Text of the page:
The Growing Need for Employee Experience
Smart companies have become adept at finding ways to effectively tackle the customer experience; smarter companies are now learning how to master the employee experience.
Employee experience isn’t about any single thing, but rather it’s the culmination of countless experiences gleaned over time. Day-to-day employee experience tends to be in constant flux and therefore in need of constant care and attention. All of this makes it even more difficult to get a fix on the full meaning and significance of what is an ever-changing process.
What can be said is that the employee experience is ultimately about people, and while it can be characterised in countless ways, it’s made up of three basic elements:
An overall set of employee perceptions across time and touch points
A collection of environmental factors: cultural, technological and physical [derived from Jacob Morgan’s research]
A broadening of traditional HR functions that recognise the correlation between employee engagement and customer experience
By focusing on these three aspects, organisations can take significant steps toward actively designing and shaping compelling experiences for their employees.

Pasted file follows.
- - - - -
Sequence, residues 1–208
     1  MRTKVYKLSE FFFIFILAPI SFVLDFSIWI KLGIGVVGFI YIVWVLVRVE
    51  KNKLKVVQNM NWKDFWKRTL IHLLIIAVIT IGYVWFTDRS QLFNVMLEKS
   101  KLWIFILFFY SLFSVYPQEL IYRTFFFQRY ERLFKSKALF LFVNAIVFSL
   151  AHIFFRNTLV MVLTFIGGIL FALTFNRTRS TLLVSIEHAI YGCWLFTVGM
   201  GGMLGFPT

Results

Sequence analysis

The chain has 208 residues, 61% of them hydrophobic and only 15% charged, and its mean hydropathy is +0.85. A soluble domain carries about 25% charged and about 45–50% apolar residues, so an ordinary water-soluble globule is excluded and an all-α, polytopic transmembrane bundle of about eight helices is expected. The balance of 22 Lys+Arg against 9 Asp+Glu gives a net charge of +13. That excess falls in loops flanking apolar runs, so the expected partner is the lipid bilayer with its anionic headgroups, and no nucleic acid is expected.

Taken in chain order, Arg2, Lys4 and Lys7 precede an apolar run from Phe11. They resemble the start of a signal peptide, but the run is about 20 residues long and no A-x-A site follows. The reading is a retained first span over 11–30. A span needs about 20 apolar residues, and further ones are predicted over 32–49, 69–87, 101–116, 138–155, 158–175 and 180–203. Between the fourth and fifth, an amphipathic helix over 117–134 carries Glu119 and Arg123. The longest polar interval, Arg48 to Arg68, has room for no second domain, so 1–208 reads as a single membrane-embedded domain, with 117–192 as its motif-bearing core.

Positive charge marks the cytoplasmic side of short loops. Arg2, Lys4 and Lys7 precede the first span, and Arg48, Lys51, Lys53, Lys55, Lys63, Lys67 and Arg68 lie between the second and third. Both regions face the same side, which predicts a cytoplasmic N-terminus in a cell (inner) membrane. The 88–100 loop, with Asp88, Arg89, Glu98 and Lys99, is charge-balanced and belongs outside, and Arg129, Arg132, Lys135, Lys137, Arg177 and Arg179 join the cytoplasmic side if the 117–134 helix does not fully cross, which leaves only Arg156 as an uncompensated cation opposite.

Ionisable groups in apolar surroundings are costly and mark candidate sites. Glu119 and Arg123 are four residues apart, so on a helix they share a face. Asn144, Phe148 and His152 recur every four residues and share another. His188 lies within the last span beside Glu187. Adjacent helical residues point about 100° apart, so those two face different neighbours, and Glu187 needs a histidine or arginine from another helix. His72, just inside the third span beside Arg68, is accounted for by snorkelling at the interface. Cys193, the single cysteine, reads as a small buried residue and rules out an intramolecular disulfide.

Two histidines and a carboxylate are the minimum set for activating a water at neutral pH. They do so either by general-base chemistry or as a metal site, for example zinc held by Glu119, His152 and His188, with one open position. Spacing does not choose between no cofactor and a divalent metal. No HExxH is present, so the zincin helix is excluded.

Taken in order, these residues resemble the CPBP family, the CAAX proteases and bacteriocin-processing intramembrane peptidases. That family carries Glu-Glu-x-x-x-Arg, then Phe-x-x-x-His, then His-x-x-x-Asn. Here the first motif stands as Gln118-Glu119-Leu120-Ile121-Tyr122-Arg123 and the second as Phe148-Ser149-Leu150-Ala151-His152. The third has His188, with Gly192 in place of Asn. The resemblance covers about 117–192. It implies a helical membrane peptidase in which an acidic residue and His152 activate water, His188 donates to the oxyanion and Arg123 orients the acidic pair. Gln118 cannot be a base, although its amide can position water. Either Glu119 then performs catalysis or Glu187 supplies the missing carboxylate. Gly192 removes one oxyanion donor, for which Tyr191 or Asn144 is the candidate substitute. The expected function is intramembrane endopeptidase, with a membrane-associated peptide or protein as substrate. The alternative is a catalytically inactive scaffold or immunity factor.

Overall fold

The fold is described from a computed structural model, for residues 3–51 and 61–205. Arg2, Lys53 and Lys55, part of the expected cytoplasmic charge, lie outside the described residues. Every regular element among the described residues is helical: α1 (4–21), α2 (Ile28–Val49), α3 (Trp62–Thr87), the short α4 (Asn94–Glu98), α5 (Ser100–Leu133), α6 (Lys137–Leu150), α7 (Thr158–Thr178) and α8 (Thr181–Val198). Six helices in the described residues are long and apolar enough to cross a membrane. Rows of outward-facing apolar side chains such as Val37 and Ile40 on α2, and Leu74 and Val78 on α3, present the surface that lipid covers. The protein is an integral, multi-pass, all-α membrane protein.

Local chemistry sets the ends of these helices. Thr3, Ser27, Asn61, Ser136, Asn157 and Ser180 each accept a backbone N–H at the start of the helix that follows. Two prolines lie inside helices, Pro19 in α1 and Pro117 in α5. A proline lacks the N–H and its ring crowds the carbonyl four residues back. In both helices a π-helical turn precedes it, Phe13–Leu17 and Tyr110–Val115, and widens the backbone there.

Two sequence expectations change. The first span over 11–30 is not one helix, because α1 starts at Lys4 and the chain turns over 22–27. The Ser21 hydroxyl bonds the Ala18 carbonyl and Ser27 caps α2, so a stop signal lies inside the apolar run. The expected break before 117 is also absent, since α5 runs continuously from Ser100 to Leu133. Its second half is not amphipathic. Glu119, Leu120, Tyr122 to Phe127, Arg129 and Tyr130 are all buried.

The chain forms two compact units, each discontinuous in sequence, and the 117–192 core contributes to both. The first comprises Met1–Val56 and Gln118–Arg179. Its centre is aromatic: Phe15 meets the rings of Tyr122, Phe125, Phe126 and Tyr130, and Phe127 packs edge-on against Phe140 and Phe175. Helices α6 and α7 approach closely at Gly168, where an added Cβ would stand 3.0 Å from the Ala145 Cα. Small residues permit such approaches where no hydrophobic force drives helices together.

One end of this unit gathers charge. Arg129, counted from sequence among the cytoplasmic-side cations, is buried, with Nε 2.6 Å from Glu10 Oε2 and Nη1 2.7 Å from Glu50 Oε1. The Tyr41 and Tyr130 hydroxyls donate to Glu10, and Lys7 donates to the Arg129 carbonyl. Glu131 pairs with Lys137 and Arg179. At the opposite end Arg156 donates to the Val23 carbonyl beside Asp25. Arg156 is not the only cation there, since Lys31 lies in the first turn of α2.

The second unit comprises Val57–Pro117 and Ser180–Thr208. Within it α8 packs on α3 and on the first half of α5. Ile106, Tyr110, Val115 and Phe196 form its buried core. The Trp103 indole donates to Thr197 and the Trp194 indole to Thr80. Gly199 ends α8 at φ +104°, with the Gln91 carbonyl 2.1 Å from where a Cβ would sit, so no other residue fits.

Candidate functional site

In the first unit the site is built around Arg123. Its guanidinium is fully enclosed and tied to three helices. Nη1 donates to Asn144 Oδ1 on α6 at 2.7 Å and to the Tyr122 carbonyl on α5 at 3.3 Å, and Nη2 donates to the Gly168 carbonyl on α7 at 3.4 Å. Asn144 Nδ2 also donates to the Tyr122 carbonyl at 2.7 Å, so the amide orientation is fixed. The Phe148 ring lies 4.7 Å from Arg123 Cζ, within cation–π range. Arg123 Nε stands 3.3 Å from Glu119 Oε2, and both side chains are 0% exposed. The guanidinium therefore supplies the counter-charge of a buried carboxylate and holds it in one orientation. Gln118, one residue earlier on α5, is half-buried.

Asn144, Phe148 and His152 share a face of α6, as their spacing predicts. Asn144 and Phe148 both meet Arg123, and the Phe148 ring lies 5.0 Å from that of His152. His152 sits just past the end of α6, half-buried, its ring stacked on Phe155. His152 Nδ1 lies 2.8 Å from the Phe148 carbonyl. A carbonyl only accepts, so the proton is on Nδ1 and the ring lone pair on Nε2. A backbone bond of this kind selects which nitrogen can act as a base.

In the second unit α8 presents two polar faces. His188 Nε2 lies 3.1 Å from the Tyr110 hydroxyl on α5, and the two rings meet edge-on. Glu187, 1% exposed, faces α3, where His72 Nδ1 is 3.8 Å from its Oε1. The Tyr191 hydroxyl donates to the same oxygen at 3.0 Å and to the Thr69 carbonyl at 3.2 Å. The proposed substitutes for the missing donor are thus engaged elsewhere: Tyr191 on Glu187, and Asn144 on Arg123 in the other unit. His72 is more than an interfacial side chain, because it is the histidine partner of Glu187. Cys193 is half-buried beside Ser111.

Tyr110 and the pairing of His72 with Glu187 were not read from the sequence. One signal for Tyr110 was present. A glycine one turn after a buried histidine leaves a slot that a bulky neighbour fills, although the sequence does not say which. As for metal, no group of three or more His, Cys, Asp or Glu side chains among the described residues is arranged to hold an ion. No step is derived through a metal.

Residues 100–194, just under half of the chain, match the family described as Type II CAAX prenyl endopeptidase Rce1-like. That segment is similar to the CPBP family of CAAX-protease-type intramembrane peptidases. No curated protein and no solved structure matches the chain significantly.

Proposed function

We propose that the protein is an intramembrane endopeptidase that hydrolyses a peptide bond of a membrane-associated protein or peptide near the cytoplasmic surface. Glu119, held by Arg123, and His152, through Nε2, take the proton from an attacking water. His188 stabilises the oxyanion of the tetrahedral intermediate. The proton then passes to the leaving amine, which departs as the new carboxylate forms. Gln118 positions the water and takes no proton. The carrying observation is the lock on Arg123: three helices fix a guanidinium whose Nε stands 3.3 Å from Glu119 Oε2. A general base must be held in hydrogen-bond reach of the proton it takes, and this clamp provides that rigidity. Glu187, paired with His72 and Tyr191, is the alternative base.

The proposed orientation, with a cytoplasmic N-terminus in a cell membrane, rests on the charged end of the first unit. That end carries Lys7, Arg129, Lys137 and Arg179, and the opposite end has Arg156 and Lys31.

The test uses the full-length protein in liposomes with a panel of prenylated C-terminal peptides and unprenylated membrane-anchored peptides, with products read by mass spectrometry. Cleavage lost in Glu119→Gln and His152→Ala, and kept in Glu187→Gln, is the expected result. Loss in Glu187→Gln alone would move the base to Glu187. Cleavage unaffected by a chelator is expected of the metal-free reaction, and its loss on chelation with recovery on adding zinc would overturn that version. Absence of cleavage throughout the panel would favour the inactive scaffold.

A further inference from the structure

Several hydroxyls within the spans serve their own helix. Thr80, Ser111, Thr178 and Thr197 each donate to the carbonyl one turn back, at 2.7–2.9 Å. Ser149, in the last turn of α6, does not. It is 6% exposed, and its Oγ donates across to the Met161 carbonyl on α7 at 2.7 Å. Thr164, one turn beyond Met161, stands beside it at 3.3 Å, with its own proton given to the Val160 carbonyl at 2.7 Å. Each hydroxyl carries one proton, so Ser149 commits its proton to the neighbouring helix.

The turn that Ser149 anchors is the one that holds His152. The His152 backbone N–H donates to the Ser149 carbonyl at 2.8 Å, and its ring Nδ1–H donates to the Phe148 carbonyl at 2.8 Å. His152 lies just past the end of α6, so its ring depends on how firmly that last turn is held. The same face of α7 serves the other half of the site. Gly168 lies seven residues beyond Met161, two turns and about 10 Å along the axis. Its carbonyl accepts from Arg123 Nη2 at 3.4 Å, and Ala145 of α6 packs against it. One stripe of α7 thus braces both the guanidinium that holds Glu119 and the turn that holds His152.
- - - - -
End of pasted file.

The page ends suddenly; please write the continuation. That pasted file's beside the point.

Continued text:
We are all familiar with employee engagement and the difficulties of creating inclusive initiatives and internal communications around these. Most employee engagement initiatives though are focused intermittently and spike engagement for a short-lived period then dip again until the next engagement session. They seem to be short term fixes with short term strategy.
Technology also makes it easy to create an “employee survey” and call it an engagement program, which allows a company to fulfil an apparent organisational need with a “check box” approach. But metrics on their own don’t drive change or increase performance. Many of these survey-only tactics measure employee perceptions and provide metrics instead of improving workplaces and business outcomes. Though most approaches are well-intended, with an ultimate goal of improving the workplace and performance, too many contribute to a status quo that is not helping the business.